Boston’s Best Dive Bars by Luke O’Neil

Written by freelance writer and dive bar connoisseur Luke O’Neil, Boston’s Best Dive Bars: Drinking and Diving in Beantown is probably one of the easiest, most entertaining reads I have encountered in a long time. Personally, I’ve always been enamored with dive bars because of their ironic nature and stark contrast to their pretentious counterpart: the nightclub. The number of dive bars in Boston has dwindled because of rising costs of ownership in the city and ridiculous laws pertaining to liquor licenses. Of the 70 or so bars covered in the book, a laughable 21 of them are actually in metro Boston (Back Bay, Downtown, Faneuil, North End, South End, Fenway, West End etc.) This comes as no surprise with real estate prices in those areas being through the roof.

In his book, Luke highlights some of the best dive bars for college kids and hipsters, and the best dive bars for old timers and townies. He also specifies where the dives are by neighborhood (Allston, Easty, Dorchester, Boston, Roxbury, Southy, etc.), and follows up with a one to two page synopsis of these filthy watering holes explaining what they are like in a way no other person but Luke could. Here are some highlights  from the book that will give you a taste of Luke’s witty humor and unforgiving writing style.

From The Black Horse Tavern: “I’ve had people come back a year later and their dollar is still there,” says Dave (the bartender.) “Look, there’s a mouse!” he points out. I’m startled for a second. Not because I’m scared of mice, just because I’ve never seen a bartender go out of his way to point one out. “Did I mention this place is two hundred years old?”

From The Red Hat Cafe: “Female clientele notwithstanding, if your interior decor incorporates dangling white Christmas lights and stacks of empty beer cases into its scheme somehow, you are a dive. I’m sorry, I don’t care how many fresh-faced Econ majors stop by to eat chicken sandwiches and finger bang the touch screen video game screen.”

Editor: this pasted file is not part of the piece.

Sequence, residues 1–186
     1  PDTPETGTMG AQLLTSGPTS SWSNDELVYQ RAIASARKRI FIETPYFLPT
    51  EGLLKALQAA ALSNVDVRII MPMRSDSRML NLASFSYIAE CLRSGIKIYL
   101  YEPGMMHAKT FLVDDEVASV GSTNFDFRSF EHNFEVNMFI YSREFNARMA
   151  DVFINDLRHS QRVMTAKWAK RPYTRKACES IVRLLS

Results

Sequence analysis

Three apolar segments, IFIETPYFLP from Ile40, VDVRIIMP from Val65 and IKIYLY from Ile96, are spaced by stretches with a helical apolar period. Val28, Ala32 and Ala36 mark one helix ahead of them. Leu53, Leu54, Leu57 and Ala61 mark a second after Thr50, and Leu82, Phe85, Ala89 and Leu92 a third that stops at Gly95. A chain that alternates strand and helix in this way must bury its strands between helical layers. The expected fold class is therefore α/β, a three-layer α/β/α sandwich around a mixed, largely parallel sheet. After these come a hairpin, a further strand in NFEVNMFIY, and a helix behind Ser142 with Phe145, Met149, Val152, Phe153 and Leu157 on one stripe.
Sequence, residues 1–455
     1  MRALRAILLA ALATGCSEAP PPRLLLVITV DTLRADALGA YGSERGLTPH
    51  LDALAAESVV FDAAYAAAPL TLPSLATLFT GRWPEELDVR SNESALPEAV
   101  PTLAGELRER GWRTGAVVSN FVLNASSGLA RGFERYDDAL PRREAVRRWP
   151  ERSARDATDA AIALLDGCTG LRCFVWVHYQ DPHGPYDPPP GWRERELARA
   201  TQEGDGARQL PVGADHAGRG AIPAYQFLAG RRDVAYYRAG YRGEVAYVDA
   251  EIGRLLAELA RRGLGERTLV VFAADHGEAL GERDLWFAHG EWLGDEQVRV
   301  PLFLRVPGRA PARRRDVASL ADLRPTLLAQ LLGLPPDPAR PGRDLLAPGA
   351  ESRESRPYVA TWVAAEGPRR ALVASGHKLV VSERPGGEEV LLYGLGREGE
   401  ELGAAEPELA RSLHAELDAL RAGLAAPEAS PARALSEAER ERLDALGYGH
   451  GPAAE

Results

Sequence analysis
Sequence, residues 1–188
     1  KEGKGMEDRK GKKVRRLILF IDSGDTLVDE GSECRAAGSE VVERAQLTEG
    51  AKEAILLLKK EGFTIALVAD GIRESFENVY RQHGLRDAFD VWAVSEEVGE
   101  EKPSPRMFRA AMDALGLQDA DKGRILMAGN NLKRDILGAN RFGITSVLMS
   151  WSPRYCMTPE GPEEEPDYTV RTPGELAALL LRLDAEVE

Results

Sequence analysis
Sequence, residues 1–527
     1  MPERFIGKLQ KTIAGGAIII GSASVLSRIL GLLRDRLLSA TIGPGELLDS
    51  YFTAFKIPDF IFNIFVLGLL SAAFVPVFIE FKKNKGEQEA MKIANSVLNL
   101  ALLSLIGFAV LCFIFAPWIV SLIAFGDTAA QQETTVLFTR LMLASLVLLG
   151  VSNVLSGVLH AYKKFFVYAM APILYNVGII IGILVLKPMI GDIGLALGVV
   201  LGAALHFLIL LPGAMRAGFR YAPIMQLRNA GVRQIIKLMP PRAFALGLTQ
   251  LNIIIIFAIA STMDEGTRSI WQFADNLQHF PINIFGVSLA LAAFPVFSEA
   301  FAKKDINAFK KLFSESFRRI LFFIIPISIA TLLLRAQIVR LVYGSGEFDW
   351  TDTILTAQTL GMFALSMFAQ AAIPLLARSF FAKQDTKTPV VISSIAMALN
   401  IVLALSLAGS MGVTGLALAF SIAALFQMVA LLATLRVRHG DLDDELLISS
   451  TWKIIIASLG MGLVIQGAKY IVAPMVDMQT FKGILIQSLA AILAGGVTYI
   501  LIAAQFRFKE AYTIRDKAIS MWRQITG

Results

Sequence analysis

From Durty Nelly’s: “…all of which are tourist traps and Irish-themed pissing holes for recent college grads who haven’t figured out how to act like adults yet, Durty Nelly’s is just, well, dirty enough to maintain its bonafides. It resists the pub on steroids feel of much of the surrounding area…”

“Next to him a guy in a Hawaiian shirt and hair that looks like a frightened clown’s wig is buying shots for the girls (random hot girls who have already been mentioned earlier.) Look, I like a hot chick as much as the next guy, but come on ladies… You’re making everyone tense. This is a place where people go to forget their troubles, not to be reminded with every floral scented swish of your luxurious hair that they are never going to touch anyone like you ever again.”

 

We recently caught up with Luke to ask him a few questions about his new book:

To those who are not familiar with you Luke, where are you from originally? Where did you go to school? Did you study journalism?

I grew up on the hard streets of Kingston, MA. We have the ocean there. And a mall. I went to college at Holy Cross, then grad school at Emerson where I studied creative writing before realizing no one gives a shit about poetry, at which I point I started wasting my life on something else altogether: trying to make it in an indie rock band. Woops, then I picked an even better job, journalism, right before it went in the shitter. Somehow against all odds I have managed to convince people to pay me to go to concerts and drink cocktails, which means I am a pretty good at the one thing that matters in the world bullshitting. This interview kind of tells more info about me for your own purposes or for linking if you want http://streetbonersandtvcarnage.com/blog/wtf-does-a-freelance-journalist-do-all-day/

Where did the idea for the book come from?